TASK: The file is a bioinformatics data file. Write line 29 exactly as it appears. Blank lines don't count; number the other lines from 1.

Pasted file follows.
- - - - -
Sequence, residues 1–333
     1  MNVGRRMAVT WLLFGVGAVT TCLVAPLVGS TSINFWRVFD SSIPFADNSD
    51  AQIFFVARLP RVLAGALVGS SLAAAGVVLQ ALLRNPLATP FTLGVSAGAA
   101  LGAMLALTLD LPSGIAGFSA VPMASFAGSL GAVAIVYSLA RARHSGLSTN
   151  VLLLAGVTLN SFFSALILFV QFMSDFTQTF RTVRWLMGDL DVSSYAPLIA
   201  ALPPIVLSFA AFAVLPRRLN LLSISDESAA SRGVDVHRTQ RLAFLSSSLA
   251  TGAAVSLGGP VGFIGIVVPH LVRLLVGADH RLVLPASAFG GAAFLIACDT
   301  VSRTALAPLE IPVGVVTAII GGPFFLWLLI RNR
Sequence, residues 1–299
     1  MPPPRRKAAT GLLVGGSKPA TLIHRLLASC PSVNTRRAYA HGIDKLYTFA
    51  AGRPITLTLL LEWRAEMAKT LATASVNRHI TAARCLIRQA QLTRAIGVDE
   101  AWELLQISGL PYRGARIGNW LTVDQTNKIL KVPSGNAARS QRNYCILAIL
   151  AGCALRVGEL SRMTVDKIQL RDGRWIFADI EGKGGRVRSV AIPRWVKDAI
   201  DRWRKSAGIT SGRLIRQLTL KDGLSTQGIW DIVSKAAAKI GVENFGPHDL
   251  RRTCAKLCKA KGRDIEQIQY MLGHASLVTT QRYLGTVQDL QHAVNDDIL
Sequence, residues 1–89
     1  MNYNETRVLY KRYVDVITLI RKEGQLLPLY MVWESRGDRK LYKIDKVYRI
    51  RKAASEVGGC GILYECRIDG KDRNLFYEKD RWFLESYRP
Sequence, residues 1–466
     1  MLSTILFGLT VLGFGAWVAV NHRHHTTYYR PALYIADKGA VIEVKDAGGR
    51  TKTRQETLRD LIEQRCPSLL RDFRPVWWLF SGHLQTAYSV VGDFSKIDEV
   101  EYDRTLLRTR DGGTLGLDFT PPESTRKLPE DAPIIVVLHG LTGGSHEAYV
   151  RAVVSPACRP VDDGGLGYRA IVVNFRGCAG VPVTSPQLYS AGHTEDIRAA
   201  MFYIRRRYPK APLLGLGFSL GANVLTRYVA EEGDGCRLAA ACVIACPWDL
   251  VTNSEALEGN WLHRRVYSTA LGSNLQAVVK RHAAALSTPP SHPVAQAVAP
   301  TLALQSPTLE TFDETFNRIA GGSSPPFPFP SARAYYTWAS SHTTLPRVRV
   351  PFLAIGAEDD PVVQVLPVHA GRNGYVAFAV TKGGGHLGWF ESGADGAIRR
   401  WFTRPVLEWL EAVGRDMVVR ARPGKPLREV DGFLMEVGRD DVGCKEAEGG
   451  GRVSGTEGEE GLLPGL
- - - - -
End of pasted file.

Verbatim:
   451  GRVSGTEGEE GLLPGL